"The nature of social media has given rise to strange practices contradicting morals, customs and norms," Sheikh Saud al-Shiraim said during weekly prayers at Mecca's Grand Mosque, the official Saudi Press Agency reported.
"People are using their fingertips to think instead of their minds and tongues," he said, adding that the ease of online communication has detracted from the "grandeur and importance" of the spoken word.
"This has removed a lot of the reservations or barriers of the spoken word that would normally not be uttered in front of people," he said.
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Saudi Arabia is founded on ultra-conservative Wahhabi thought but more than half of its citizens are under 25, spending much of their time on social media platforms such as Twitter, away from official strictures and traditions of the Muslim kingdom.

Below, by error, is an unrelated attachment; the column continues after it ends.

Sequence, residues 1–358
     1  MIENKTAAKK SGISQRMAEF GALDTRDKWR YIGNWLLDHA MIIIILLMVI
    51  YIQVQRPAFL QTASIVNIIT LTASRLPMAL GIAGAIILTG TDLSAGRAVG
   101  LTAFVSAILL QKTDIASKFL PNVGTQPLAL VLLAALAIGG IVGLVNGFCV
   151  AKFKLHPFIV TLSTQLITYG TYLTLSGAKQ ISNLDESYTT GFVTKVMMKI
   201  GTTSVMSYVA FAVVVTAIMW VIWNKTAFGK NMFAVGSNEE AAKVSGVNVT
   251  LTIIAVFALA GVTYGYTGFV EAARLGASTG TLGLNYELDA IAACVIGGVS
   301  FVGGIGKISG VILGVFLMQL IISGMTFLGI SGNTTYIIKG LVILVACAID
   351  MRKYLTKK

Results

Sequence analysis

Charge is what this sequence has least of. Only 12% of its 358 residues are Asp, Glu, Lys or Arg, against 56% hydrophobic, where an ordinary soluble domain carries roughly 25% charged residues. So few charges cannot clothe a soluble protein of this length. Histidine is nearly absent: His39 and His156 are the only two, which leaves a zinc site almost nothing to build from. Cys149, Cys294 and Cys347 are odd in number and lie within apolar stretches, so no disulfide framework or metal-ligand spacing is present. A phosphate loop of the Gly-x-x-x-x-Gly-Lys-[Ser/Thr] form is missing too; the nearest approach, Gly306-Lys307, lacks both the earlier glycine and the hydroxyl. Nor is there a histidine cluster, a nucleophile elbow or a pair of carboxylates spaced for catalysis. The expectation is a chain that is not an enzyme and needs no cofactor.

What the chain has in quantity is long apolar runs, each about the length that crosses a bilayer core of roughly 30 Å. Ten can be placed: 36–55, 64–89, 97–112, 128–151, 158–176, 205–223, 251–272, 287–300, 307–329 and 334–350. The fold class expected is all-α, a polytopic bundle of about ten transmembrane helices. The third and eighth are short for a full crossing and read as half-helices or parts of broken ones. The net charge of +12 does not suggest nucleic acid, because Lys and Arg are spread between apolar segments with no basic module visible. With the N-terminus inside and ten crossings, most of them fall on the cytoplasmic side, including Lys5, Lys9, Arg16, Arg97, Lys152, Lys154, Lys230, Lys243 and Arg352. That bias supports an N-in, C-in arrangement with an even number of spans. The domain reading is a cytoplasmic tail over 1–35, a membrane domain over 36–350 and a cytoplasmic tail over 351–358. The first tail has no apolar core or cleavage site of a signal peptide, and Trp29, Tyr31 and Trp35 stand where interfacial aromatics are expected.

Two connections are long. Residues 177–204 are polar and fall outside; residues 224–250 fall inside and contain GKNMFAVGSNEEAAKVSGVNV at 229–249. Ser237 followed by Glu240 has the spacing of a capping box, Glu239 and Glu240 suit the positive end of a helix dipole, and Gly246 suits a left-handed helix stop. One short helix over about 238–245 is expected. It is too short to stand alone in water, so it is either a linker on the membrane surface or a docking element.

The country bans alcohol, public cinemas and theatres, and men and women not from the same family are segregated in public.
But there are pressures for social change.
As part of wide-ranging social and economic reforms to diversify the country's oil-dependent economy, a new entertainment authority has begun to slowly introduce foreign shows, music and other events seen by limited audiences.
Saudi Arabia's highest-ranking cleric, Grand Mufti Abdulaziz al-Sheikh, warned in early January of the "depravity" of cinemas and music concerts, saying they corrupted morals.